Now that you know your triggers, you can develop a response plan that’s easy to follow when you’re stressed or overwhelmed. The steps can include the following:

  • Recognize your trigger.
  • Reassure yourself that you don’t have to give in to your temptation.
  • Remove yourself from the situation causing you to experience cravings.

With a simple plan like the one above, you can manage your triggers and reduce your risk of relapse.

3. Have a Support Network

woman researching addiction recovery centers

While making your response plan, write down a list of trustworthy people to form your sober support network. These people can help you change your environment when exposed to a trigger, significantly reducing the risk of relapse. You can choose anyone to be part of your support network, but ensure they understand your goals and what you’re going through. Some examples of people you can have in your support network include:

  • Family members
  • Close friends
  • Members of your therapy group
  • Your therapist
  • Your sponsor

4. Engage in Enjoyable Activities

Finding activities to distract yourself when you’re experiencing triggers can be a helpful way to avoid relapse. Fun hobbies can also fill the hours you used to spend taking drugs or thinking about substance use. Some things to try include:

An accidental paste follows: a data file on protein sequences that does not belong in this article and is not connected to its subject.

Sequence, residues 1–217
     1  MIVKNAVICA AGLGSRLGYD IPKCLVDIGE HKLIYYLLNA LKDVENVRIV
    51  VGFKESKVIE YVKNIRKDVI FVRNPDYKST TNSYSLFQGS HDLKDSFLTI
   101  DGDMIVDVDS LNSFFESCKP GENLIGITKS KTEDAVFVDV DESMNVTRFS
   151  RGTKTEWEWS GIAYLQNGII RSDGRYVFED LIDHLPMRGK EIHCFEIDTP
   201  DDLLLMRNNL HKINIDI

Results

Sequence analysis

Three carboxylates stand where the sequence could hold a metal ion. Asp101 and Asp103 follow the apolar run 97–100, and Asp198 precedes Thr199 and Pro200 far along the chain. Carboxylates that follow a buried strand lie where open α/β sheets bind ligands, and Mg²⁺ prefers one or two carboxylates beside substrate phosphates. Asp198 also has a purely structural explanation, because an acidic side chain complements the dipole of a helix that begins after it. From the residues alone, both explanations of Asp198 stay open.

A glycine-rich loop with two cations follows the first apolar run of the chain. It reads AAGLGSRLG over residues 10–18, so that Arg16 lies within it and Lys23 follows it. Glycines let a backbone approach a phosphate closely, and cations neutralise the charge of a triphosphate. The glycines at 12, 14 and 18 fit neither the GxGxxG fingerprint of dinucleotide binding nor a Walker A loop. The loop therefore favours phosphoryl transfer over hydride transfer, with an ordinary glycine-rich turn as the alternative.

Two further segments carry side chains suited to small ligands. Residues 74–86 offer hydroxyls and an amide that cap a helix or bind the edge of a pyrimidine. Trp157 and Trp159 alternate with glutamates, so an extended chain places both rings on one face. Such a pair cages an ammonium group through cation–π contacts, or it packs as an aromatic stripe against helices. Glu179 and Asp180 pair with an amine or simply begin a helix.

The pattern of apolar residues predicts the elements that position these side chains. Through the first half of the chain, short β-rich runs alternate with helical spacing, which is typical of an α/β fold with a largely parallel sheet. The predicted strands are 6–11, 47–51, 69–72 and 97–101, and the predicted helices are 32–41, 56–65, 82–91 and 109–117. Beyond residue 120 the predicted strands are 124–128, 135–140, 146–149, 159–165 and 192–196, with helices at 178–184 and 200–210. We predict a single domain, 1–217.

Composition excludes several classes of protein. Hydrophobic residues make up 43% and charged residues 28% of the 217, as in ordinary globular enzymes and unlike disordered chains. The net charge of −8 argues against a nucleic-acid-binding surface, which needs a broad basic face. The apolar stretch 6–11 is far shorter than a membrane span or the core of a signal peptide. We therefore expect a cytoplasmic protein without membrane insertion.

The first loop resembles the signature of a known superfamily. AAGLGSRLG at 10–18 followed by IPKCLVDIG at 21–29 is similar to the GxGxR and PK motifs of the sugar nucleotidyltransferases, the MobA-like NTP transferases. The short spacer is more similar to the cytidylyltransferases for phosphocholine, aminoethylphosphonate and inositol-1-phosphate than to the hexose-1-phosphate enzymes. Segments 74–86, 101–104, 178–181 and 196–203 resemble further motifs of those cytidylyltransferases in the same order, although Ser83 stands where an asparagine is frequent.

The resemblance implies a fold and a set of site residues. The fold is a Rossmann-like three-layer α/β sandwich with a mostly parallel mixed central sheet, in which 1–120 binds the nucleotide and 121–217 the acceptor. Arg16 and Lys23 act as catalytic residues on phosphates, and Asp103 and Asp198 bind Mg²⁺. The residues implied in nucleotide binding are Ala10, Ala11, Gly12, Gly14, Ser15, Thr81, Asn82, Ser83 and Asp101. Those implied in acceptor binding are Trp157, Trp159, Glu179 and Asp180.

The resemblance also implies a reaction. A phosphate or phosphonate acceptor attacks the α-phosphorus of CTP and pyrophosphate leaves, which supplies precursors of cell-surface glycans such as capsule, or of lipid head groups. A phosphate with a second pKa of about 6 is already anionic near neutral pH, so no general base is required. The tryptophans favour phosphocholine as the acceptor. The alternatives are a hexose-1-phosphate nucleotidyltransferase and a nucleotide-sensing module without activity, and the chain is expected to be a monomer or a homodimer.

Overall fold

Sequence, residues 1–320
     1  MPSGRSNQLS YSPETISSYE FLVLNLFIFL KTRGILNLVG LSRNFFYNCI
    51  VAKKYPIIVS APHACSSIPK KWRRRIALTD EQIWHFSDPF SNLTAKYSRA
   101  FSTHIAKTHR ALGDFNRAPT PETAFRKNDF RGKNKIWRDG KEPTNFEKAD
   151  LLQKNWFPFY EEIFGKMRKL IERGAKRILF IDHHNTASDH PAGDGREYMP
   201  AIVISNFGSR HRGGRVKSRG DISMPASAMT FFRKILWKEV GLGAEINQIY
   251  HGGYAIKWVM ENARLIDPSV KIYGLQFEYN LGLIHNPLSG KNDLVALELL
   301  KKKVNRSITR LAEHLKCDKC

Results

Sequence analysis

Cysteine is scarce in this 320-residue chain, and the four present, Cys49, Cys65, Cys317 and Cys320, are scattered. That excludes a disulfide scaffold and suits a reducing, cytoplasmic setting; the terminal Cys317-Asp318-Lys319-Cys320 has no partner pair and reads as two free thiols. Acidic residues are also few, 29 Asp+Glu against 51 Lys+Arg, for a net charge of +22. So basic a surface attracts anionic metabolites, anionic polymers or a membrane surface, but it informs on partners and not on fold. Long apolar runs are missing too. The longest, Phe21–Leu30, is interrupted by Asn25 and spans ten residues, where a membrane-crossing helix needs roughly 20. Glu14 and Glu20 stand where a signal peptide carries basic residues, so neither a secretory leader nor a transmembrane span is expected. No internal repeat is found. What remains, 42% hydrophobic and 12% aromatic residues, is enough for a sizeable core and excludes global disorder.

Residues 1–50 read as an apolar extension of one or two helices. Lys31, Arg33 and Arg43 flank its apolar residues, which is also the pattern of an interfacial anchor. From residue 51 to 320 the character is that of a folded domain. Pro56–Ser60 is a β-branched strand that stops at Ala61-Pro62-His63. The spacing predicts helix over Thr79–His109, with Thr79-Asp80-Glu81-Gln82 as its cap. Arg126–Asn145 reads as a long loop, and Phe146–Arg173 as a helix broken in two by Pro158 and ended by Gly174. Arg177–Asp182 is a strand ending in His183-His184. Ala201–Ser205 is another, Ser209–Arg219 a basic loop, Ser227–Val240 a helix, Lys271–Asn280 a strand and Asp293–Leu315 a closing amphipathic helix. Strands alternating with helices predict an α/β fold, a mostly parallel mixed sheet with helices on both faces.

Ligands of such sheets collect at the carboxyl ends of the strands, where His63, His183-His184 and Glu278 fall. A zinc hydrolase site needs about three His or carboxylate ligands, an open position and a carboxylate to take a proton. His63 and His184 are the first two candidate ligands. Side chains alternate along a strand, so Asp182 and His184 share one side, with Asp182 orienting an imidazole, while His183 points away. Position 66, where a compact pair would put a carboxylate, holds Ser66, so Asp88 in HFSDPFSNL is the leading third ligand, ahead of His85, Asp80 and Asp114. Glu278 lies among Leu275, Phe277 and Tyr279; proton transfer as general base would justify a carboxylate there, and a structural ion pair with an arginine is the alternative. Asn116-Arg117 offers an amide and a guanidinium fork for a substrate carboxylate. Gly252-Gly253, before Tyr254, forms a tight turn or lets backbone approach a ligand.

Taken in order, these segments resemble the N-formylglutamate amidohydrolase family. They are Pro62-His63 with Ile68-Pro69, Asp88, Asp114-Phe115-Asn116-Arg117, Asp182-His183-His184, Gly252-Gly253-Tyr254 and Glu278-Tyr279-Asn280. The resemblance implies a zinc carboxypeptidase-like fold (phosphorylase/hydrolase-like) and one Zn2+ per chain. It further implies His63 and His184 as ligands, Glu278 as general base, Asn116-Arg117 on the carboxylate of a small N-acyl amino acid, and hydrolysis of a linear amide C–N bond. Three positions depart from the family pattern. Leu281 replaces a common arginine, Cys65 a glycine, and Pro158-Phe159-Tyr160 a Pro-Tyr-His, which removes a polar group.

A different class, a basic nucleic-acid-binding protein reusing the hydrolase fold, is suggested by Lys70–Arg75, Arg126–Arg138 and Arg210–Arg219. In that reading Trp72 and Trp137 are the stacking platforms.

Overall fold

• Exercising, such as jogging or hiking
  • Yoga
  • Going to see a movie with friends
  • Reading a book
  • Meeting loved ones for a walk in a park

These activities can also be an excellent way to deal with stress and other negative emotions that may have caused you to use substances before, which can prevent a relapse.  

5. Consider Seeking Professional Treatment

If you’re having trouble developing a response plan, identifying your triggers or experiencing intense cravings that are causing you more stress, it could signify that you should seek professional treatment. Even if you’ve gone through treatment before, seeking additional sessions with a therapist or attending group meetings can help you recenter yourself and find new ways to cope.

With guidance from a professional, you can easily identify your triggers and develop appropriate responses to manage them. You can even discover new strategies to take your mind off your cravings and prevent relapse.

Seek Continuing Care With Hope for Tomorrow

If you’re recovering from addiction or have already gone through an addiction treatment program but are still struggling with cravings and triggers, Hope for Tomorrow is here for you. With medication-assisted treatment and other therapies, we work to help people overcome addiction and get their lives back on track. Our team provides a therapeutic and comfortable environment where you can work through the recovery process without fear of judgment. 

We use evidence-based treatments that have proven to facilitate recovery, and our compassionate experts will work closely with you to uncover the root cause of your substance use disorder. We can also guide you as you identify your triggers and find ways to manage them so you can prevent relapse. Contact us today to learn more about how our tailored programming can benefit you.